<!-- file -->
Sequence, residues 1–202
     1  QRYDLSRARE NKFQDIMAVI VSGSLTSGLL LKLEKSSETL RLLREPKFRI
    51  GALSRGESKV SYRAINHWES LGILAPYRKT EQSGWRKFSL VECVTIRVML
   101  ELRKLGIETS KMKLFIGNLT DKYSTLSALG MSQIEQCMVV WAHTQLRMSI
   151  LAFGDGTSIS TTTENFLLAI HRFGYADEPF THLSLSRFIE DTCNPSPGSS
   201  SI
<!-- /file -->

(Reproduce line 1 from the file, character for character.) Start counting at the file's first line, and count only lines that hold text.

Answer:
Sequence, residues 1–202